Jul 29, 2015 09:03PM
Recently, John Vargas Eddy, founder of E4 Health & Wellness had the opportunity to interview one of the nation’s top specialists on diabetes, Dr. Wes Youngberg. The point of their conversation was to explore the latest research on the question of whether it is possible to reverse diabetes.
Dr. Wes Youngberg trained at Loma Linda University earning a doctorate in clinical preventive care and a master’s degree in nutrition. He is on the clinical faculty of Loma Linda University, is a board-certified nutrition specialist and is a founding director and fellow of the American College of Lifestyle Medicine. Dr. Youngberg spent 14 years in Guam, researching the diabetes epidemic and directing the Wellness Center at the Guam Seventh-day Adventist Clinic. He returned to California in 2008 to develop lifestyle medicine programs for a large family practice group. He now operates the Youngberg Lifestyle Medicine Clinic.
JVE: Dr. Youngberg, how did you become interested in diabetes?
Back in 1985 when I was training at Loma Linda University, I heard a visiting world renowned expert in diabetes presenting peer-reviewed medical studies showing diabetes was reversible. I thought, this is amazing—it’s not just possible to prevent diabetes, you can actually reverse diabetes. Yet here we are in 2015, and much of the world, still, does not appreciate the fact that diabetes is often times reversible. But, and this is the big caveat, you have to understand all the factors that are contributing to the disease. And so that was my initial exposure to this great potential that we have to reverse Type 2 diabetes much of the time.
JVE: Indeed, Dr. Youngberg, it just boggles my mind that decades later this information is not in the mainstream.
Yes, it is in the mainstream medical journals—it has been published for many years—yet been a will to apply it clinically. That is what we are doing here. We are seeking to apply this information, get it to the people and to give them a whole new paradigm of understanding, to remove despondency and in its place, put hope.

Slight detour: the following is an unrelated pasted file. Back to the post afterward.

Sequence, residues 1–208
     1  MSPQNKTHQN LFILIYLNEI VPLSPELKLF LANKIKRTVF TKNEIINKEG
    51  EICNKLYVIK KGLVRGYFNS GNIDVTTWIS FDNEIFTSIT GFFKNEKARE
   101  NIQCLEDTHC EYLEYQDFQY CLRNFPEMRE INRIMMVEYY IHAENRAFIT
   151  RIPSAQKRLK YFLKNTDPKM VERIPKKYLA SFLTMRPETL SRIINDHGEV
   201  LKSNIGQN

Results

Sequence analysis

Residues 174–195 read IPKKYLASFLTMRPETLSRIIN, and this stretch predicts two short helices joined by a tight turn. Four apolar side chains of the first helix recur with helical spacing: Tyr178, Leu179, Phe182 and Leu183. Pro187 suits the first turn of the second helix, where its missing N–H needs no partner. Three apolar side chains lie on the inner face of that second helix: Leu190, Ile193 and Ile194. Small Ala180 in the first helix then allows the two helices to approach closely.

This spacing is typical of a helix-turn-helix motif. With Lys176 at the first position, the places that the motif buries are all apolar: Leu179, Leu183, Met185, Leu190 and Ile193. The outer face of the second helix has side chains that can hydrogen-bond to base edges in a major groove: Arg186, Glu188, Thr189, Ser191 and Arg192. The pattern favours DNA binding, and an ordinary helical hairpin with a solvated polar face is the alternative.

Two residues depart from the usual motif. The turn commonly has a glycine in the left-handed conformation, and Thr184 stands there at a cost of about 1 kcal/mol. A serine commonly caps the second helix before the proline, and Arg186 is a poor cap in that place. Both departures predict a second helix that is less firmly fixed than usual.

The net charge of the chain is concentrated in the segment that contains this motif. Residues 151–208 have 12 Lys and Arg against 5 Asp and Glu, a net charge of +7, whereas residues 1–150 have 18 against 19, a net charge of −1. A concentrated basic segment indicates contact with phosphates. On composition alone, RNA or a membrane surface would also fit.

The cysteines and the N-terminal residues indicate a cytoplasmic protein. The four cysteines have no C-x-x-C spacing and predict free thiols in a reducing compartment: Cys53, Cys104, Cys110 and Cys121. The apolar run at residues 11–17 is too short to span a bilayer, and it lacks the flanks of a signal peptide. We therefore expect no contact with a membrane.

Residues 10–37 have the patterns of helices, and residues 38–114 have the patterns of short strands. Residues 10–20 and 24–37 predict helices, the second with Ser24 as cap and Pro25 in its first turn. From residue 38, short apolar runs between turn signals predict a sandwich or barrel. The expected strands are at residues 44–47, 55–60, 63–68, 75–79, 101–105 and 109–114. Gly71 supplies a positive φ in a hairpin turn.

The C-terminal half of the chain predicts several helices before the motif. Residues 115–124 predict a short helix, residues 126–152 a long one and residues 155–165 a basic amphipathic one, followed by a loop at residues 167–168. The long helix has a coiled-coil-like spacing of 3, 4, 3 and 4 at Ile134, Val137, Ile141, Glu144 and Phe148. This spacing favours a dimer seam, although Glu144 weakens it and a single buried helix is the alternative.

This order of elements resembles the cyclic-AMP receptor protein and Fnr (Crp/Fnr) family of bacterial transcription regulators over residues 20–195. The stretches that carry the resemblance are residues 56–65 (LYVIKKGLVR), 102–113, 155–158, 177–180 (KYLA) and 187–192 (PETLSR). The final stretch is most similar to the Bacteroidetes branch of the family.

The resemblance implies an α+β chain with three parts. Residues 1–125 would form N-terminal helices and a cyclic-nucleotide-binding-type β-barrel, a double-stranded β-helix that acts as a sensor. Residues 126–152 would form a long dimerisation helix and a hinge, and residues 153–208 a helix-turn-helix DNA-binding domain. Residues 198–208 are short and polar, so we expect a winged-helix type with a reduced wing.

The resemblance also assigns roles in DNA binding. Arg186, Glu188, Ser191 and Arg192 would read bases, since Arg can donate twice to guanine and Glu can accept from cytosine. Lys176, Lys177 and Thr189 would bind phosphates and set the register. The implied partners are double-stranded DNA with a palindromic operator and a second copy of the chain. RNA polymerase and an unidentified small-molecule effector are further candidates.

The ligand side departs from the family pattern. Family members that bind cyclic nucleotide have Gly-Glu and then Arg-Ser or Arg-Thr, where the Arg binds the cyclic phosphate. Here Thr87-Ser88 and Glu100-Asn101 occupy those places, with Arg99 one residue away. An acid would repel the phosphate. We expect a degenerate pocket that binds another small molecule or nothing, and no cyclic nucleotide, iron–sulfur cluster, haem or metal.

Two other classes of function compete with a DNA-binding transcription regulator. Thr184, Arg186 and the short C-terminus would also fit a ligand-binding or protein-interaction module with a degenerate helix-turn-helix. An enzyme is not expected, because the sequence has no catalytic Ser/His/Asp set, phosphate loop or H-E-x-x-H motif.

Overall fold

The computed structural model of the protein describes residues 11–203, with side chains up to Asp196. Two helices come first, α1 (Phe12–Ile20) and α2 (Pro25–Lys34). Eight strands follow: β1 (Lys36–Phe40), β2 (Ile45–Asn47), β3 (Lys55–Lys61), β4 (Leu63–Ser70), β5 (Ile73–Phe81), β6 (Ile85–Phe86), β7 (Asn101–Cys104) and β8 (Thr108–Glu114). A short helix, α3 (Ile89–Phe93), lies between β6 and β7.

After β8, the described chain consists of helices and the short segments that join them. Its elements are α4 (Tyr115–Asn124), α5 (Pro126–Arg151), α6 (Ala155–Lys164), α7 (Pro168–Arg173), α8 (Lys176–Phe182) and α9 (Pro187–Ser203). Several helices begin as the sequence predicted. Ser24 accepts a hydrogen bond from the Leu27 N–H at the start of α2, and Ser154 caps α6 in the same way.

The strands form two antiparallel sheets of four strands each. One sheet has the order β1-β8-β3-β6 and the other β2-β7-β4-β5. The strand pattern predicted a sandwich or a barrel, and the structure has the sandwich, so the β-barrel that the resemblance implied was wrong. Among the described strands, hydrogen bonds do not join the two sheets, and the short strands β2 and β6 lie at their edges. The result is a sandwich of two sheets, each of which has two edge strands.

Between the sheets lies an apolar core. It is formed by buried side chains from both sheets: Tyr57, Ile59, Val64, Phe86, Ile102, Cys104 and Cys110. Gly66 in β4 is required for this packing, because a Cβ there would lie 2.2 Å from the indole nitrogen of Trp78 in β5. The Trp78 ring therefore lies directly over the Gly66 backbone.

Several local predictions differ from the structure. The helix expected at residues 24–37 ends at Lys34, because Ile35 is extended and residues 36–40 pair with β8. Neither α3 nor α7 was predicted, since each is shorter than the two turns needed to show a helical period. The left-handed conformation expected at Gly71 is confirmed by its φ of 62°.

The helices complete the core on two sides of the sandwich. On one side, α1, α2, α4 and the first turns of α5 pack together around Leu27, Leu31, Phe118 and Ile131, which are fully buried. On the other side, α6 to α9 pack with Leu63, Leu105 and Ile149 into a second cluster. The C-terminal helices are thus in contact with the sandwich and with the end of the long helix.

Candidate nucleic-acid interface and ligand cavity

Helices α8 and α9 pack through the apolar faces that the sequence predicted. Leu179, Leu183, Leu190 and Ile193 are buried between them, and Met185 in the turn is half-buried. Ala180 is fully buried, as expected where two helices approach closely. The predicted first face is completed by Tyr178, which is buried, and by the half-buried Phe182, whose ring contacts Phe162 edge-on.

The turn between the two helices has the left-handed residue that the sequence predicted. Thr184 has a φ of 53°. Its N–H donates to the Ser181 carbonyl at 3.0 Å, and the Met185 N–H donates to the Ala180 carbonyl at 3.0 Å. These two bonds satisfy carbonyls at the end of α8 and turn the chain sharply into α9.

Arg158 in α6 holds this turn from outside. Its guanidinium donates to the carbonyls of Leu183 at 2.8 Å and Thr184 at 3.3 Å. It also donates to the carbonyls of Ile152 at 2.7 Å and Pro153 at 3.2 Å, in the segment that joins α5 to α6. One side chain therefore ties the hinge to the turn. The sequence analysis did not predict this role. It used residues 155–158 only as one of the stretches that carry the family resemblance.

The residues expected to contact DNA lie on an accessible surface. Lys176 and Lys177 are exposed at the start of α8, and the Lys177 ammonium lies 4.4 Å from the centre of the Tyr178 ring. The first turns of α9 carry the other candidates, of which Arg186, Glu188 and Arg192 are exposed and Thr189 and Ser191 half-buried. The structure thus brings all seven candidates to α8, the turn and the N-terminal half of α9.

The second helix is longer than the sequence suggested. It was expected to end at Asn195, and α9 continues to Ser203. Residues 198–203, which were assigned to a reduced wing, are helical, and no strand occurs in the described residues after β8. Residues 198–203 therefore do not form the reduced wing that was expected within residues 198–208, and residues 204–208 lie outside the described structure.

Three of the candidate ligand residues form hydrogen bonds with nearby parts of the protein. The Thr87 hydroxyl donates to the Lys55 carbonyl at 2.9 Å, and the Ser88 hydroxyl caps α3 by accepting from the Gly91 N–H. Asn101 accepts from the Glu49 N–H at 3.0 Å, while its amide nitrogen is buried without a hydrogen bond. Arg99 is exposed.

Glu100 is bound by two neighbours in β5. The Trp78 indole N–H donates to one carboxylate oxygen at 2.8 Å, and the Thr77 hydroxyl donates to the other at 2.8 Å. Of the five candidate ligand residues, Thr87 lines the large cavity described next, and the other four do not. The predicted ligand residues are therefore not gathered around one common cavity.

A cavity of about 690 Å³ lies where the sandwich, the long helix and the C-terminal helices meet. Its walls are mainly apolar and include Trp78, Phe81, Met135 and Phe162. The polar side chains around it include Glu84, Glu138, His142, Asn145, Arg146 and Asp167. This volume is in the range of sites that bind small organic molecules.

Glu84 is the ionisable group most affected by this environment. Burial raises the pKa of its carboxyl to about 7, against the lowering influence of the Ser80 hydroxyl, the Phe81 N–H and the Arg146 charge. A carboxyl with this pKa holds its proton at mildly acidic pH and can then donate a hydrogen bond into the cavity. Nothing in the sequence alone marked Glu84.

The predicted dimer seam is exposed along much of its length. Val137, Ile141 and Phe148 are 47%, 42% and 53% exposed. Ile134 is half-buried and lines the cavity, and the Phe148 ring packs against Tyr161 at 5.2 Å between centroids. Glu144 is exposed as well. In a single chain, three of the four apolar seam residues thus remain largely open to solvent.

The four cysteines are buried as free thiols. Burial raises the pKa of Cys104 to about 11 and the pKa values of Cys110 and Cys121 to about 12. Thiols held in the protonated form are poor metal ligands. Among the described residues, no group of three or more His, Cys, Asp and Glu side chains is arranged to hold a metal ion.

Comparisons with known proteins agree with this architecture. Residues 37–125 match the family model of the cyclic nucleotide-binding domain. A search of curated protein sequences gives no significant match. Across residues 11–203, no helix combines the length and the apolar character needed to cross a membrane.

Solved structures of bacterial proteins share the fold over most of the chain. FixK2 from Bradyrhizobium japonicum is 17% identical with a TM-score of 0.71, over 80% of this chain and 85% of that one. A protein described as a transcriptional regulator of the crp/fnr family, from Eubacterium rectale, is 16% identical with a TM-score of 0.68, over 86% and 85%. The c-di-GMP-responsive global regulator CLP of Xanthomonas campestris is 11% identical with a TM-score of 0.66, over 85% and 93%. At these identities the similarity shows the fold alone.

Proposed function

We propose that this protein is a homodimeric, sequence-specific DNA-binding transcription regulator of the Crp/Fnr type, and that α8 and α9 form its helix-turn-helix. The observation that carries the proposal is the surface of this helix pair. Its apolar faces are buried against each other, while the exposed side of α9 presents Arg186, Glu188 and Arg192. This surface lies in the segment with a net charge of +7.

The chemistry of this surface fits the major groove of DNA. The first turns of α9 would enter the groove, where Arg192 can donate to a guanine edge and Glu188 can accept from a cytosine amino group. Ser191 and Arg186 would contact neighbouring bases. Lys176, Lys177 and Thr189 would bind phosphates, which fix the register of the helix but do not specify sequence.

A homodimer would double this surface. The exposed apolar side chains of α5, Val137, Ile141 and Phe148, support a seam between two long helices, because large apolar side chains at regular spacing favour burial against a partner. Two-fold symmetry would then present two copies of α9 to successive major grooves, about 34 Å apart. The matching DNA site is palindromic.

JVE: Hope seems so foreign, so many people hear the diagnosis diabetes and they are worried and sometimes go into despair. Why hope?
Yes again, it's all about perception. I have practiced, I have spoken all-around the world and I have encountered this everywhere. I frequently tell people when they are diagnosed with diabetes, this is good news. They look at me like I am some type of sadist and say, 'What's wrong with you, how could this be good news, I have seen what diabetes can do to my own family members, I would not wish this on anybody.'
And I say, 'yes, but we will teach you, how you can either reverse the condition or if not fully reverse it, prevent its complications.' And ultimately, that is the bottom line, right? There is a certain percentage of people with diabetes that may have had it for so long that they won’t be able to completely reverse the condition, but the point is they can prevent the progression of complications.
And so regarding hope, my desire is that people start having this little ray of hope, building up within their heart and mind and get them to thinking—wow, is this really possible? And by following this quote from Norman Cousins, 'Don't deny the diagnosis, embrace the diagnosis and defy the verdict', they can go on to reverse the problem by treating the cause.
To hear the full 50-minute interview and learn more about E4Health & Wellness programs and free August workshops, call 301-250-1445 or visit e4ba.org/ts1.